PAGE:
Site owner Charlie Turner has recently completed two major improvements to the Turner Mountain observing site. NOVAC members can go to the webpage to see the details of the new improvements. Charlie invites all NOVAC members to come up and see the improvements for themselves! Please join me in thanking Charlie Turner for his hard work on the site and for making the site available for all NOVAC members to use. Arlen Raasch Site Coordinator for the Turner Mountain observing site
With the recent passing of amateur astronomy legend John Dobson, we’ve located a video of his humorous remarks to our membership at NOVAC’s 2005 Star Gaze. While doing so, we’ve also found videos of other major speakers that same year including Al Nagler, Phil Harrington and Rod Mollise. You can watch all their talks at this newly-created page. Special Kudos to Mike Lewis and Alex Lim for their work in 2005 and still today for the club and Phil Wherry for taking the time to convert them up for us all to enjoy again! http://www.novac.com/wp/novac-25th-anniversary-speakers/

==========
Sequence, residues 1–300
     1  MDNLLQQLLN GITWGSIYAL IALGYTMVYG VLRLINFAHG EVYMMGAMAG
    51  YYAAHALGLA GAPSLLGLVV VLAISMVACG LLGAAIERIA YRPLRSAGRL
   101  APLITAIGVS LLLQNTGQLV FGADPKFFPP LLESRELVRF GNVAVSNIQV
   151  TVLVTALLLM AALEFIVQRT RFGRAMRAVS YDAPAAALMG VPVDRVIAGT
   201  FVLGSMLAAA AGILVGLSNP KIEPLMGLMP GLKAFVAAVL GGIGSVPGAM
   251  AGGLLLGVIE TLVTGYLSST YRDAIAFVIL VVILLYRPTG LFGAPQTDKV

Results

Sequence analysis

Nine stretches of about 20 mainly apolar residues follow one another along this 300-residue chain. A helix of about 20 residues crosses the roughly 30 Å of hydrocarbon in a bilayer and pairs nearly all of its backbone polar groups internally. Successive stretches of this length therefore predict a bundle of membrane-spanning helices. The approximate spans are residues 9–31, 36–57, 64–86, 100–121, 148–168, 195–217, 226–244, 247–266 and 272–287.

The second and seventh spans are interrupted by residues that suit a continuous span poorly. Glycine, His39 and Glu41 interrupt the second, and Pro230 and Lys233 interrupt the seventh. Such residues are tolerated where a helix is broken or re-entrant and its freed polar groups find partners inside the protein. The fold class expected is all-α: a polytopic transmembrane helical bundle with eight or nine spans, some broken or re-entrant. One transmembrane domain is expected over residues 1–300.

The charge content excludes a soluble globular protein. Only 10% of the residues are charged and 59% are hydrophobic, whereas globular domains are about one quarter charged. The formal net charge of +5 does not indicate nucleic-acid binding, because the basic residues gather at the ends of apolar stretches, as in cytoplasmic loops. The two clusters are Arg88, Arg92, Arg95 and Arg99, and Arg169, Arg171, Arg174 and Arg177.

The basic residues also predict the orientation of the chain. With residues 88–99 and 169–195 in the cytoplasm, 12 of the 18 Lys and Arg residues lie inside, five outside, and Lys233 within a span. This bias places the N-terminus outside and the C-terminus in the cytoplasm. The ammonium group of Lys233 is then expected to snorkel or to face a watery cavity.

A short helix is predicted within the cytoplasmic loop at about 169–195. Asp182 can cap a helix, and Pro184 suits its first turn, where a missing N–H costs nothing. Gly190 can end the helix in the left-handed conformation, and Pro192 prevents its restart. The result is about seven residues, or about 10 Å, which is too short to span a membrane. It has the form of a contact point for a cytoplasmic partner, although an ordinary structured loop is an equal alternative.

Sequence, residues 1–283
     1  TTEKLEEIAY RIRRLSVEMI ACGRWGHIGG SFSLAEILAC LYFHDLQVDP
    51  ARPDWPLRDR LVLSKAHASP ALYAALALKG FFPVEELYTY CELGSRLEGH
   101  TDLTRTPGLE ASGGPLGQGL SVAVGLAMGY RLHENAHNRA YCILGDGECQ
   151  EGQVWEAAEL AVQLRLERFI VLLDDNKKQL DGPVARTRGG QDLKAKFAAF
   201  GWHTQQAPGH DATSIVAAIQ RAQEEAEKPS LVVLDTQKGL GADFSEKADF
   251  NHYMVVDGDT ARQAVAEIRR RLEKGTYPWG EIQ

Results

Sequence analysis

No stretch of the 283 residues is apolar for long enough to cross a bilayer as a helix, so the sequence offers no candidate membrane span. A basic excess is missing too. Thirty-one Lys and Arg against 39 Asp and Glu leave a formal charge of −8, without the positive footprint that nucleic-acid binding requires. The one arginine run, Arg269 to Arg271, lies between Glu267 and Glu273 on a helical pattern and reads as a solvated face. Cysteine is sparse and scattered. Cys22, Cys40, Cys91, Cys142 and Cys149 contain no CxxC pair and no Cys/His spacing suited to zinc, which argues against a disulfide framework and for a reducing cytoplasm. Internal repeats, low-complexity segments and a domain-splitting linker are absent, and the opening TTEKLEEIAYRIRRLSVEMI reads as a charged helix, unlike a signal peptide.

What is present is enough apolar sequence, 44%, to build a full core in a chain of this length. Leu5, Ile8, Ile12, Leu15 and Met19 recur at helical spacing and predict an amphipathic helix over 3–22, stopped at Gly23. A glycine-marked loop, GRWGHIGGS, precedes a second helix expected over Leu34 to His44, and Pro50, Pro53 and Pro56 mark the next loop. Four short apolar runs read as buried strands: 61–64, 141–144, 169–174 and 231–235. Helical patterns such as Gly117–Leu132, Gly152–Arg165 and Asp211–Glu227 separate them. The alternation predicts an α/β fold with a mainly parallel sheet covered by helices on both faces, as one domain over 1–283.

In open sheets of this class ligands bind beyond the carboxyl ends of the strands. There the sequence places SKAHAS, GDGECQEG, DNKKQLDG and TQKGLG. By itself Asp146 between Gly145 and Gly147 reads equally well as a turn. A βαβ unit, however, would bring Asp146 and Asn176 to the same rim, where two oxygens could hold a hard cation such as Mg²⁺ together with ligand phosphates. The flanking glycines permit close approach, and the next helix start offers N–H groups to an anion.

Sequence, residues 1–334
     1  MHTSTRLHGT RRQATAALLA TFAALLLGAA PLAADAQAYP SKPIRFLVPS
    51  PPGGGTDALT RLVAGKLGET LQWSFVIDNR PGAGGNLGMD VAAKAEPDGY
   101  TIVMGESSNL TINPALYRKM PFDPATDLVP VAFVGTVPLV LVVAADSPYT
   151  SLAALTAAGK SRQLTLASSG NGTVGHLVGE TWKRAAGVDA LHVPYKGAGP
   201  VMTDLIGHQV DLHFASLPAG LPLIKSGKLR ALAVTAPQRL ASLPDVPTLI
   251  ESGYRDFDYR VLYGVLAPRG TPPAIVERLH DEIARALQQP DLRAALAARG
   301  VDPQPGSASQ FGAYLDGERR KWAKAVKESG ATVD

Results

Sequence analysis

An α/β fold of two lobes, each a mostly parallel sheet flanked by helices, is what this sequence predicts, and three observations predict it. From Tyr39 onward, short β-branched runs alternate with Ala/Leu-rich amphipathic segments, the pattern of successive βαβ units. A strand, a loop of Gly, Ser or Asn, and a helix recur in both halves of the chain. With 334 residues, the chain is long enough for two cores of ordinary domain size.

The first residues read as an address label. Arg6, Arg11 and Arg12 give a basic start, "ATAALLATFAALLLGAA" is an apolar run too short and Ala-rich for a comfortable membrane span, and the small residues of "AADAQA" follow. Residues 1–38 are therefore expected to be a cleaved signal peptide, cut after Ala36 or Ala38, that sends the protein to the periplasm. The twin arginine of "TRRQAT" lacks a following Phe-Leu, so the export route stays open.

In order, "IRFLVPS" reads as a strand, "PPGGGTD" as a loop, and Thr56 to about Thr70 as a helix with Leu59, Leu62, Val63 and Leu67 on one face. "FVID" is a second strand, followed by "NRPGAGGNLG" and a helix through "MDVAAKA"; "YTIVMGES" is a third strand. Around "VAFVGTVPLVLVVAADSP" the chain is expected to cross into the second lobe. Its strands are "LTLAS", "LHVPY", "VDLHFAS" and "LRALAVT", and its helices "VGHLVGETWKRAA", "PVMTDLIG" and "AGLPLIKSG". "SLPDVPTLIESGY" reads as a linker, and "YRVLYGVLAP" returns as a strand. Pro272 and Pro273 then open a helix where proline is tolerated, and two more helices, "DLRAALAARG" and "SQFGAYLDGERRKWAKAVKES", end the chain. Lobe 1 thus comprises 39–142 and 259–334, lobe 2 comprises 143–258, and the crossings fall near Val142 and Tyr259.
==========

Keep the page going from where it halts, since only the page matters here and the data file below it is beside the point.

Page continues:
It’s getting to be that time a year again! So I thought putting this info front and center would be good. 1. No cotton or polyester/cotton blends next to your skin. This includes underwear and socks. Polypropylene long johns are excellent provided they’re thick enough, arctic-weight wool/polypropylene blend long johns are even better. Because cotton doesn’t wick perspiration away from your skin, it quickly becomes moist and cold in cold weather, leading to rapid loss of body heat. The same property that makes cotton great for wearing in hot weather can contribute to hypothermia in cold conditions. 2. Dress in layers. Many thin garments with lots of dead air between layers to trap heat are better than a few thick ones. For observing in temperatures below 25 degrees, I generally wear the following: Wool/polypropylene or polypropylene longjohns (two pairs for subzero temperatures) Polypropylene sock liners Wool socks (one or two pairs) Flannel shirt (a synthetic fleece shirt would be even better) Jeans (synthetic fleece pants would be even better) Wool sweater Fleece layering jacket Down-filled bibs Down parka (rated to -40 degrees with the bibs) Balaclava Wool/thinsulate watchcap Wool fingerless gloves Pac boots (rated to ...
For you far out planners the list was updated with the dates of a few that are set for 2014! Star parties are an important part of the amateur-astronomy scene. Offering dark skies and astronomical fellowship, these events often attract hundreds of enthusiasts. Here is a list of several star parties in and around the Mid-Atlantic area. Contact Us to add one!